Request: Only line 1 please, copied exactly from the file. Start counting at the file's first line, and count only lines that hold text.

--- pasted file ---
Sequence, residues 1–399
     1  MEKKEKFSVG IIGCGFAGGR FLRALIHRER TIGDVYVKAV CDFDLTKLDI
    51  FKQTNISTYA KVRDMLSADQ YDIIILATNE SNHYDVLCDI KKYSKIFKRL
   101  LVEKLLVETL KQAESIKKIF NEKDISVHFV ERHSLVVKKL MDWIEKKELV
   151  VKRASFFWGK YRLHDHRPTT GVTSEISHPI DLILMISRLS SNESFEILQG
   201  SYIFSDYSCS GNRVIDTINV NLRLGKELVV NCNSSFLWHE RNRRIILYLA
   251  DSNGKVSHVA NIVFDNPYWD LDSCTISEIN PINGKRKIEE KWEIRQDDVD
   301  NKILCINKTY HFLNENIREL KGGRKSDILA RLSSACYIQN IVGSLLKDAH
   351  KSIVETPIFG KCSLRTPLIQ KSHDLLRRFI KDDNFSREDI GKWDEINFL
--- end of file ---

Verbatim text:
Sequence, residues 1–399